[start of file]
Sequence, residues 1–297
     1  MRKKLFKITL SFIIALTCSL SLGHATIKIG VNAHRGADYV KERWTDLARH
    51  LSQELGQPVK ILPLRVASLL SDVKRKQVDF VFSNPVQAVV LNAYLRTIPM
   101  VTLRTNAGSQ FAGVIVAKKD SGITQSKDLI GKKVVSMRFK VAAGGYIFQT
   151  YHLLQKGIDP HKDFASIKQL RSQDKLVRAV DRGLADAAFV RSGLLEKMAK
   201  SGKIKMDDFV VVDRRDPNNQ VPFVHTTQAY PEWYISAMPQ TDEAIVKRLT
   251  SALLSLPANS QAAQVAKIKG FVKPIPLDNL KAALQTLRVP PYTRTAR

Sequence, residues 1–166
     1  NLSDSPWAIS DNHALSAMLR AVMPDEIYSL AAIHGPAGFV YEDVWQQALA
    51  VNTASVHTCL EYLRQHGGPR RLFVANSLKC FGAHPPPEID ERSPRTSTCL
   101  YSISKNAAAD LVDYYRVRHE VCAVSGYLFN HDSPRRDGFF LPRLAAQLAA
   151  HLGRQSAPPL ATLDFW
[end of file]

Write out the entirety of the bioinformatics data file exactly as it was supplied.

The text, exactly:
Sequence, residues 1–297
     1  MRKKLFKITL SFIIALTCSL SLGHATIKIG VNAHRGADYV KERWTDLARH
    51  LSQELGQPVK ILPLRVASLL SDVKRKQVDF VFSNPVQAVV LNAYLRTIPM
   101  VTLRTNAGSQ FAGVIVAKKD SGITQSKDLI GKKVVSMRFK VAAGGYIFQT
   151  YHLLQKGIDP HKDFASIKQL RSQDKLVRAV DRGLADAAFV RSGLLEKMAK
   201  SGKIKMDDFV VVDRRDPNNQ VPFVHTTQAY PEWYISAMPQ TDEAIVKRLT
   251  SALLSLPANS QAAQVAKIKG FVKPIPLDNL KAALQTLRVP PYTRTAR

Sequence, residues 1–166
     1  NLSDSPWAIS DNHALSAMLR AVMPDEIYSL AAIHGPAGFV YEDVWQQALA
    51  VNTASVHTCL EYLRQHGGPR RLFVANSLKC FGAHPPPEID ERSPRTSTCL
   101  YSISKNAAAD LVDYYRVRHE VCAVSGYLFN HDSPRRDGFF LPRLAAQLAA
   151  HLGRQSAPPL ATLDFW